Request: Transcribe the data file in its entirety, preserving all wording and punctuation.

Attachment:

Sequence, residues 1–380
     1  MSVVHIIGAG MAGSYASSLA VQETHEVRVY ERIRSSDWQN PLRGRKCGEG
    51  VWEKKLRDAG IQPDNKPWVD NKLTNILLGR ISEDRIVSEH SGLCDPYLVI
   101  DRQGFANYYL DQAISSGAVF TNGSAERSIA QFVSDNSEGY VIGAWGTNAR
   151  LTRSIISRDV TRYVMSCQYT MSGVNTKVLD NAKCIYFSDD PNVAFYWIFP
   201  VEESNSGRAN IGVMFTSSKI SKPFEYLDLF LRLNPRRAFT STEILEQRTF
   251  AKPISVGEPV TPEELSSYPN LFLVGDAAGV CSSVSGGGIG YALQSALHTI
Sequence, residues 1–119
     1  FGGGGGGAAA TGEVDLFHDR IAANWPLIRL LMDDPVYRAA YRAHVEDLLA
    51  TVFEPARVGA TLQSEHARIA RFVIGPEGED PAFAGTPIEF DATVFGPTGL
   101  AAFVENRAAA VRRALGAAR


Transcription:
Sequence, residues 1–380
     1  MSVVHIIGAG MAGSYASSLA VQETHEVRVY ERIRSSDWQN PLRGRKCGEG
    51  VWEKKLRDAG IQPDNKPWVD NKLTNILLGR ISEDRIVSEH SGLCDPYLVI
   101  DRQGFANYYL DQAISSGAVF TNGSAERSIA QFVSDNSEGY VIGAWGTNAR
   151  LTRSIISRDV TRYVMSCQYT MSGVNTKVLD NAKCIYFSDD PNVAFYWIFP
   201  VEESNSGRAN IGVMFTSSKI SKPFEYLDLF LRLNPRRAFT STEILEQRTF
   251  AKPISVGEPV TPEELSSYPN LFLVGDAAGV CSSVSGGGIG YALQSALHTI
Sequence, residues 1–119
     1  FGGGGGGAAA TGEVDLFHDR IAANWPLIRL LMDDPVYRAA YRAHVEDLLA
    51  TVFEPARVGA TLQSEHARIA RFVIGPEGED PAFAGTPIEF DATVFGPTGL
   101  AAFVENRAAA VRRALGAAR